Thursday Born

The everyday life of a psychiatry resident (who was born on a Thursday).

Archive for February 8th, 2010

The guilt of having immigrant parents.

leave a comment »

There are more Ghanaian doctors in New York City than in the entire country of Ghana. I learned this while back home in Ghana for my two weeks of Christmas break.

“Are you planning on moving back?”

“Well, I’m stuck in the US for at least seven or eight more years. After that, we’ll see.”

I’ve had that exchange many times, and I have to confess that’s not the most honest response. Stuck in the US? No, I’m not stuck here. I’m quite happy in the US. I was born here, lived here till I was 4 and came back nearly every summer until I started boarding school in New England at 14. Been back to Ghana at least once a year, often twice, since then. I am quite happy shuttling back and forth between these two countries, both of which I am a citizen.

My parents primarily live in Ghana, visiting the US at least two or three times a year. Of my three older brothers, two are currently in the US, one in Ghana and moving back with his new family soon (maybe?). In the long term, I can see him, and maybe one other (but he’s a bit of a wild card in general), moving back.

I feel guilty though. I know I’m lucky, incredibly lucky, to be in my position. I do not come from an extensively well off and well educated family. It is easy to look at my immediate family – myself, my brothers, my parents – and to get a very skewed image of where I come from. I am very much the child of hard working immigrants, acutely aware that my privileged upbringing is the direct result of my parents’ effort and determination.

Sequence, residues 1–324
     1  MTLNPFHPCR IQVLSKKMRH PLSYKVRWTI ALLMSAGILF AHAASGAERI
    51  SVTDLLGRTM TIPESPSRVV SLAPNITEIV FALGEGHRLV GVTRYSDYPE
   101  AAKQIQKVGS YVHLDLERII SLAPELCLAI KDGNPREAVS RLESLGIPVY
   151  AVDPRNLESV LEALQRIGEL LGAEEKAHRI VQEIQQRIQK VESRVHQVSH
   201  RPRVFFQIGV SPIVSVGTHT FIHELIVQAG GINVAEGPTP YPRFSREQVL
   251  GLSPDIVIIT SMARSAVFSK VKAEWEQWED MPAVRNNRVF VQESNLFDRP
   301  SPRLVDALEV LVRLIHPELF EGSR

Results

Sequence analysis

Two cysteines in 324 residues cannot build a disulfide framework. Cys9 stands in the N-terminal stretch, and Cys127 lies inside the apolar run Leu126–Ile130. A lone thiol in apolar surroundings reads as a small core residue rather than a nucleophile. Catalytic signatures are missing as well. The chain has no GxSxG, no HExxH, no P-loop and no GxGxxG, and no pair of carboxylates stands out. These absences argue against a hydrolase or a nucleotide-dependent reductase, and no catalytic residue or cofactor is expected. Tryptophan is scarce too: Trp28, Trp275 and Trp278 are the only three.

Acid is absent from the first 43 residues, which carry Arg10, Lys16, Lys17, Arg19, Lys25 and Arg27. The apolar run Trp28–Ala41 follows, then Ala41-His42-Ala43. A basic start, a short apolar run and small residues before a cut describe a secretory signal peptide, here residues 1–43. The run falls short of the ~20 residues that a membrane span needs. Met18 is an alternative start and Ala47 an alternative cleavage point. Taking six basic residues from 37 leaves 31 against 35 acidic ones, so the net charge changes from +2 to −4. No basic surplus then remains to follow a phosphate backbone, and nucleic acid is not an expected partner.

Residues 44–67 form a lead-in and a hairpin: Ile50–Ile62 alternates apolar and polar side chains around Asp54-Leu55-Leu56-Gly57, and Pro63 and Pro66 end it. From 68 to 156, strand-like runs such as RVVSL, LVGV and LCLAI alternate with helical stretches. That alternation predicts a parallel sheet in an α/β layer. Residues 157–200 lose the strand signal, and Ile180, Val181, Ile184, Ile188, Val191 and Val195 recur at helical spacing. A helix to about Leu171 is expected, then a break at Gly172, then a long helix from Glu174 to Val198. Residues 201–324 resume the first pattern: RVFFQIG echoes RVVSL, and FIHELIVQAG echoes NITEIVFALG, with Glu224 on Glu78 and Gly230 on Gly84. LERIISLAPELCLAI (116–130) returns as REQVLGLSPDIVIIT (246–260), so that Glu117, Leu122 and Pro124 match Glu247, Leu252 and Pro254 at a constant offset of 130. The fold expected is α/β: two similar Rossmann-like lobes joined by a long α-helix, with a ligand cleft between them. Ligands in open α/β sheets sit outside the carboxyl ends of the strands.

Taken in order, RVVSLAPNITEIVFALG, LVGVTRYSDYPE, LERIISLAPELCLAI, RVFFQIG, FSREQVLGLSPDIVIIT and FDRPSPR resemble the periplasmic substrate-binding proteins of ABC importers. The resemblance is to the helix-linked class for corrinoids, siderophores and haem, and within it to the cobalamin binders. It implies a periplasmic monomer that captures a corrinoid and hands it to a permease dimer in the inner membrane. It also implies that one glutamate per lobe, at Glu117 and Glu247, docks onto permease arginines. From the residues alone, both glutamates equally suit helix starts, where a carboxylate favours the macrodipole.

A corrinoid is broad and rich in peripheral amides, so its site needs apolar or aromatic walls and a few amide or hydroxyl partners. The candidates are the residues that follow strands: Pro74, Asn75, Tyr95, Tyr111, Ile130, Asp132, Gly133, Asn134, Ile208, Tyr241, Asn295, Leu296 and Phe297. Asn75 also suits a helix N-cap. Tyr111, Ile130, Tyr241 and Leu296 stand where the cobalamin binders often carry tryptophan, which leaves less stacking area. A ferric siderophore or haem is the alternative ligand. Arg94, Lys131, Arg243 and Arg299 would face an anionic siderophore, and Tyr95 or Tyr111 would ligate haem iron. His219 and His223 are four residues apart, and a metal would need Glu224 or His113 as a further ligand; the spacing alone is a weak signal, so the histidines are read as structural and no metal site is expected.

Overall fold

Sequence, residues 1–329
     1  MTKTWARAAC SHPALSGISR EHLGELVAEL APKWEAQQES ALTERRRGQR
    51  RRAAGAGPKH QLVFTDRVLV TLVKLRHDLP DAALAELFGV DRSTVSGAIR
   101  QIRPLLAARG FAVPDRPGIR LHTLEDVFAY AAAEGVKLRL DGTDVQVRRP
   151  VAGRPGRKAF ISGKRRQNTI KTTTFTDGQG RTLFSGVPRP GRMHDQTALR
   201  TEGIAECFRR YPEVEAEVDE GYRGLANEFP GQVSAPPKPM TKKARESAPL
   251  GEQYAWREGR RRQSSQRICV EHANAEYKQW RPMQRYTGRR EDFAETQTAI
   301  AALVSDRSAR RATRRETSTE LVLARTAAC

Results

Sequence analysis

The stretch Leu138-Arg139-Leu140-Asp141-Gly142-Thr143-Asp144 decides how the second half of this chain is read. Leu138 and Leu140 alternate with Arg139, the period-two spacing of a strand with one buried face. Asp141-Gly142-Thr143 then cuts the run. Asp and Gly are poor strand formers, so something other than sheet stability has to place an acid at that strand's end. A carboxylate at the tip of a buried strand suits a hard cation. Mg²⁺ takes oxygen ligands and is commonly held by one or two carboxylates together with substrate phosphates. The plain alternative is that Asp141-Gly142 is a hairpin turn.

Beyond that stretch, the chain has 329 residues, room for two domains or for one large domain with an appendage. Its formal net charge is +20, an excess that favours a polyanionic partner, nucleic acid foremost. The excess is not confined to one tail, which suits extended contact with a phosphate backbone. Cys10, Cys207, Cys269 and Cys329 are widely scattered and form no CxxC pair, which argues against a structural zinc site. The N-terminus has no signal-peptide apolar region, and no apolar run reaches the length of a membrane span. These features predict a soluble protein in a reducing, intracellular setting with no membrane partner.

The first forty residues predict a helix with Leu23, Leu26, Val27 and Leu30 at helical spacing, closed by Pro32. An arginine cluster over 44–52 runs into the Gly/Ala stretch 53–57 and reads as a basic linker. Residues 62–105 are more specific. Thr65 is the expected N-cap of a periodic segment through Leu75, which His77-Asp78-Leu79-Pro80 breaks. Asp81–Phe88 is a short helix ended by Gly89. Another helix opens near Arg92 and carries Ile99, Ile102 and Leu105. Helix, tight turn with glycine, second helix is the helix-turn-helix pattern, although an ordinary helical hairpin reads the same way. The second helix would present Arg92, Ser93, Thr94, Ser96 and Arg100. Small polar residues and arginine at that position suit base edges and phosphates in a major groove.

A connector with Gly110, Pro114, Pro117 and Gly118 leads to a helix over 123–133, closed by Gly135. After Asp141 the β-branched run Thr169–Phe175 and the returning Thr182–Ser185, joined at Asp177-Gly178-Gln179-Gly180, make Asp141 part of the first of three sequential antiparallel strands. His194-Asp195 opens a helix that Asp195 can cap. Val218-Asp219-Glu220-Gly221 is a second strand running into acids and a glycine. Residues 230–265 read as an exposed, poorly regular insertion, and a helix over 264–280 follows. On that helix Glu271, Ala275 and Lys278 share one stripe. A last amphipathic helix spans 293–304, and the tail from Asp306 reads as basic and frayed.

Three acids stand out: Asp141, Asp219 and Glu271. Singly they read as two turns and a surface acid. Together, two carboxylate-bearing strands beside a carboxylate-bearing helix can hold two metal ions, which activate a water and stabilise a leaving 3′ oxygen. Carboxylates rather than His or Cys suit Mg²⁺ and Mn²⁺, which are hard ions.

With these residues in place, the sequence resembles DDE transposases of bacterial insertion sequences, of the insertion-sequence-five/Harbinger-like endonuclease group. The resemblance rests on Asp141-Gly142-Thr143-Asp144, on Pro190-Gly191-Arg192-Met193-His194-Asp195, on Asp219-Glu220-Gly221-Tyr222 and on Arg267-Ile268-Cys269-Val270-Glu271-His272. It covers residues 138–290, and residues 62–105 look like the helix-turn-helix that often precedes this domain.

But I could ignore it. I could ignore that my parents had six and seven siblings, that I have fifty-something cousins. I could stay in the US, pretend that I’m just another American, not an African and an American.

Except I can’t.  At the same time, I don’t know what to do. I’m not a politician at heart, and I’m not sure I’m an activist either. Every year I understand a little bit more my mother’s yearning for a quieter life, because life in Ghana is anything but quiet and peaceful when you’re trying to do good things in a third world country, even in a politically peaceful climate.

I don’t know if I’ll move back or not someday, but I don’t think I will. I admit, I don’t really want to. It’s not that I love the US more than Ghana, but life is simpler in the US. There’s more options, and it’s easier to be just another person.

Knowing that about myself though, I’ve been trying to figure out what I can do from here, because it is possible to have an impact without physically living there. And I don’t want to fall into the trap of feeling like the good my parents and my brothers are doing absolves me of having to do anything myself.

I’m open to suggestions. =)

Written by Aba

February 8, 2010 at 2:59 pm

Posted in Uncategorized

%d bloggers like this: